"Edutainment" is an oft-mocked word, but a lot of people do learn things much more readily through interactivity than through passively attempting to absorb information. The recent "Sweatshop" game from Channel 4 and Littleloud was a good example of how to educate people on serious issues through fun gaming. "The End," a new web game also from Channel 4, but this time developed by digital studio Preloaded, aims to get its players -- particularly 14-19 year olds -- thinking about the end of life and attitudes towards death.
The game takes the form of a physics-based platformer in which the player takes control of an avatar of their own creation. The twist on the usual formula is that the player has control over light and shadow, and when standing in a dark place, they can shift to "shadow form" to create platforms to otherwise-inaccessible areas. Levels contain stars and keys to collect, and end with confrontations against boss monsters.
So far, so conventional, you might think. The "metaphysical" aspect of the game comes in with the "decision doors" which appear at the end of each level just prior to a boss confrontation. Each poses a weighty philosophical question to do with mortality, and the player's choices throughout the game will help build a profile of their "inner self." Through this gradual process of self-discovery, the player is supposed to learn more about their own attitudes and how they respond to life and death.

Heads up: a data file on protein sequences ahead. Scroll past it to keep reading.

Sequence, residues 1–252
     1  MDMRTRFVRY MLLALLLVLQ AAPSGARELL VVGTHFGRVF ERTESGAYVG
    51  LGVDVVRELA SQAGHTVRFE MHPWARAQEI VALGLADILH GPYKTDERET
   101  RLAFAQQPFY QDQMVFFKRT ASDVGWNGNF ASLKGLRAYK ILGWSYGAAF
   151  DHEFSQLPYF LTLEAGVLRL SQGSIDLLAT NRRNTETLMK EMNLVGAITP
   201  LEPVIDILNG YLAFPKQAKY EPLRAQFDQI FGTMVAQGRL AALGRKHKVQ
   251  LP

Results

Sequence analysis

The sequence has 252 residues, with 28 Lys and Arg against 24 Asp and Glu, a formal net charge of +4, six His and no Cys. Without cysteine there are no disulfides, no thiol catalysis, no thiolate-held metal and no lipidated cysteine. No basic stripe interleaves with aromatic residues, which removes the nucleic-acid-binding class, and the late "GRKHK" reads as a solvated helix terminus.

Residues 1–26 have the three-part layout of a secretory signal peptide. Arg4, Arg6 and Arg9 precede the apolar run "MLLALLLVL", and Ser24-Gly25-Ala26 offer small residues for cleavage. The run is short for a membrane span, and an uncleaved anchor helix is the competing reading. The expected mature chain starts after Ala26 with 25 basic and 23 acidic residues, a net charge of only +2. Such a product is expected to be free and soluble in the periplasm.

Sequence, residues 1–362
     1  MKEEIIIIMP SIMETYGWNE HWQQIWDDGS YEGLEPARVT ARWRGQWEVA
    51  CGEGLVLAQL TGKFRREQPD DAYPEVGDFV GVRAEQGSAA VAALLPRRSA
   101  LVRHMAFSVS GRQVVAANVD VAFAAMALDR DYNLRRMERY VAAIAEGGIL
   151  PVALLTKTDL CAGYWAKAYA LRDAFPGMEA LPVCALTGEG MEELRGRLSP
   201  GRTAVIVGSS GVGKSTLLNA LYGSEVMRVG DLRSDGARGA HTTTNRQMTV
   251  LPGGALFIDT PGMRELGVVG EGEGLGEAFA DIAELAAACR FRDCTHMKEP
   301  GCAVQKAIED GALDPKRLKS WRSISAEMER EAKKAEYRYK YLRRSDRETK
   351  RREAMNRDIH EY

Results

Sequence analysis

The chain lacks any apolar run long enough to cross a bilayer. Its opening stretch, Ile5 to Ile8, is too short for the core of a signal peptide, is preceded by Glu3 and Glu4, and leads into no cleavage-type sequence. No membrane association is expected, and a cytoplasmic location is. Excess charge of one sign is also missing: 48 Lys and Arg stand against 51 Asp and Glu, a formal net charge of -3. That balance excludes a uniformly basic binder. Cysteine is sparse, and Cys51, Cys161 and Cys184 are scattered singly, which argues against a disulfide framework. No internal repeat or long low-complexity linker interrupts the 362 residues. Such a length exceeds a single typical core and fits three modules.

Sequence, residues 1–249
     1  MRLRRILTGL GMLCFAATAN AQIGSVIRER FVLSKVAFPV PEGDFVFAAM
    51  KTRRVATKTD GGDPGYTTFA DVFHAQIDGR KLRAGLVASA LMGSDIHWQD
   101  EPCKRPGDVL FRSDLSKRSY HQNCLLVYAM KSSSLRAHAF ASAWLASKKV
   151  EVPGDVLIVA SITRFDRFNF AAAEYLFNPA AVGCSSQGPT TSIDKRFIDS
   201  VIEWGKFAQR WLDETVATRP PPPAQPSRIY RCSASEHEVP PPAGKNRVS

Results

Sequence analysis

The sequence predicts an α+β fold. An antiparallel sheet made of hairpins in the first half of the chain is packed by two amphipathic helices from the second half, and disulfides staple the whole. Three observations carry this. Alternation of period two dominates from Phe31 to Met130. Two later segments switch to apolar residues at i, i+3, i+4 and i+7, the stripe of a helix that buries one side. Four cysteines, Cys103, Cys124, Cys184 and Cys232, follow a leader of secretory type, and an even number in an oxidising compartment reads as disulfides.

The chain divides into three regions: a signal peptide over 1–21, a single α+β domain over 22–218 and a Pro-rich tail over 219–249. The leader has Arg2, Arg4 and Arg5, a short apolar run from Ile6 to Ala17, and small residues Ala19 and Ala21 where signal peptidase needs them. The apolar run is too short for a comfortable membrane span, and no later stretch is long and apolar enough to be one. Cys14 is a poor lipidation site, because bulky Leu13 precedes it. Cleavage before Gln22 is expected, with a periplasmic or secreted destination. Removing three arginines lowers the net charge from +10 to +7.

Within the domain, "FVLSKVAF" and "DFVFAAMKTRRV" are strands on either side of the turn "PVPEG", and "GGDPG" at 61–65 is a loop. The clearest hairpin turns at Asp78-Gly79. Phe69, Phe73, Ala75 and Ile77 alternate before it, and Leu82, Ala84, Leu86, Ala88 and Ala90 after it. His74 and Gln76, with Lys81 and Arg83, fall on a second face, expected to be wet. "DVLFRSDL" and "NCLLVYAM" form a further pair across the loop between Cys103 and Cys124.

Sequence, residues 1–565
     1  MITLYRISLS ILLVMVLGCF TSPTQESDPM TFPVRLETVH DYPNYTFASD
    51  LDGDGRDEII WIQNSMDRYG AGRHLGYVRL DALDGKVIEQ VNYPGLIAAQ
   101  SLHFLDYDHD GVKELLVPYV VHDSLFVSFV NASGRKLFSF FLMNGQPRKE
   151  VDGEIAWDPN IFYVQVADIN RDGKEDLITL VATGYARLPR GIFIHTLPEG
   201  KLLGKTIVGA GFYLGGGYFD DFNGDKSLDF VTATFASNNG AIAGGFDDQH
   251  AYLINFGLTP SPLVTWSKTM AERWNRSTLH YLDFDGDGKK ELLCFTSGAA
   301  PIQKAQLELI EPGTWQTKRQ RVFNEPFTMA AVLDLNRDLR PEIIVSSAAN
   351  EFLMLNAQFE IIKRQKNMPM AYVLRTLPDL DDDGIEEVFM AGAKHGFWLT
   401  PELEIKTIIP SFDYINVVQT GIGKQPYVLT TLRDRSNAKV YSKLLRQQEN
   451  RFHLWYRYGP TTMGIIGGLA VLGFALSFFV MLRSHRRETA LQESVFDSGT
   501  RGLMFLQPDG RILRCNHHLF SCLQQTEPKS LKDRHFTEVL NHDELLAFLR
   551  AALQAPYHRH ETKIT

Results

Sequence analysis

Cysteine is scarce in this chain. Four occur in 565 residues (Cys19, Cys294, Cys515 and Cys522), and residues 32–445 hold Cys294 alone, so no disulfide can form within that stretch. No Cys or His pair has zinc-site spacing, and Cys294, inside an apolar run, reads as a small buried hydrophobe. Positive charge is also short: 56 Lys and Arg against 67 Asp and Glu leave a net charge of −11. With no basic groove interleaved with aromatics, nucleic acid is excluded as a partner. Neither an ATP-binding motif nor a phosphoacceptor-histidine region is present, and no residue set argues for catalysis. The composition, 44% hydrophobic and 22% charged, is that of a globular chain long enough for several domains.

It helps that the game itself is fun. The platforming is slick and smooth, and boss confrontations are resolved not through a predictable platform combat sequence, but through a game of "Death Cards," a simple but addictive puzzle game which would make a perfectly acceptable Flash game on its own.
"It is when people reach [14-19] that they start to engage in thinking about mortality and adulthood and part of that is thinking about death," says The End writer Tom Chatfield. "Games are a great way to help get young people interested in things and The End is a perfect example of offering engaging tools to grasp quite complex philosophical ideas."
If you're ready to launch your own journey of self-discovery, check out the game at the official website when it launches later today.
This story, "'End' Game Helps You Contemplate Your Mortality" was originally published by GamePro.